ARTICLE XV. On Alarm Posts
By an alarm post we are to understand a certain point where a party is to assemble, in case of alarm, surprise, or approach of an enemy. It is not a matter of indifference how this place is chosen, so as to be in a condition to assemble, and shew a face to the enemy.
When the place is to be fixed on, the village and all its environs are to be well examined, to know if the country be smooth, hilly, or intersected by woods or rivers. Distinction should also be made, whether it would answer the purpose by day or by night, if the ground can contain many different bodies of troops, or only light troops.
If there be any hussars in the village, the alarm post must not be in front towards the enemy, but in the rear, (particularly at night,) and towards that side from whence we can be supported; as otherwise the enemy might prevent our rallying, and disperse the people as fast as they come out of the village. By day, a spot may be chosen in front of the village, and on that side where the advanced guard is placed, to cover that as well as the quarters.
If the environs are too level, and the enemy can approach the village on every side, the detachment had better assemble in the rear of the village, and be kept awake the whole night. From this spot small patroles should constantly be sent out. The officer or non-commissioned officer of the advanced guard must also be made acquainted with this situation, that in case he has a report to make, or is repulsed by the enemy, he may know where to find the main body of the party.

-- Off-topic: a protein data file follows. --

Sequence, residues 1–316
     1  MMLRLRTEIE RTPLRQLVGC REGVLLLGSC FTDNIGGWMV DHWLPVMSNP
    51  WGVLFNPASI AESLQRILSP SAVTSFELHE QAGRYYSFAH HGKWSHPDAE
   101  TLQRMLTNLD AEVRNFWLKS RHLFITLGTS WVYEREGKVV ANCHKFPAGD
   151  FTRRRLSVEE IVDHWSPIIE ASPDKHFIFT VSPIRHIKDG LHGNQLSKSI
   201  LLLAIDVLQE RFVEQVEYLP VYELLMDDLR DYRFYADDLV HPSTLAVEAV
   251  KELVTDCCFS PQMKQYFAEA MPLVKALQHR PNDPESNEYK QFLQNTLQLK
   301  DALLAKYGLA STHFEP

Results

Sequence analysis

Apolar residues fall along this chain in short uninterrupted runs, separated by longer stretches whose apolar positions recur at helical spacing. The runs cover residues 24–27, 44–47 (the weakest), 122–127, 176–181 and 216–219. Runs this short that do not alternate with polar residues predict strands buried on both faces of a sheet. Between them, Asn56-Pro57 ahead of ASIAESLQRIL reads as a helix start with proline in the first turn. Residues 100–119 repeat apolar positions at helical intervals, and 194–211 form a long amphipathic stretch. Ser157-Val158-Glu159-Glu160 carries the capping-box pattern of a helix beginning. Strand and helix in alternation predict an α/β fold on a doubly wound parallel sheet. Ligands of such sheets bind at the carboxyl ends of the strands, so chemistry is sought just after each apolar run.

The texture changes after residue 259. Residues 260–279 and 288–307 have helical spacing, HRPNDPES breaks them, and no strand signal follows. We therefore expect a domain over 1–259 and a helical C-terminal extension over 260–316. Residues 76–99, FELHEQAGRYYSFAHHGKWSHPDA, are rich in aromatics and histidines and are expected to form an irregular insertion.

If the country be much intersected, the alarm post, both by day and night, should be chosen behind some defiles, through which the enemy are obliged to pass, as by this means a small party can defend itself against a much superior force.
It would be an egregious error, to choose an alarm post in front of a defile, at least if it be not covered by a body of infantry.
The moment any alert happens during the night, the detachment must assemble as quickly as possible in the rear of the village, to keep the enemy in check, till the whole of it be got together. If then, on account of superiority, it should be obliged to retire, it should be done very coolly, to allow time for the troops in the rear to put themselves in good order to support you, receive the enemy, and make a glorious affair of it.
The place of rendezvous, both by night and day, should be pointed out to the people by the commanding officer, and the officers ought always to be the first on the spot to give their orders, and form the people as they arrive.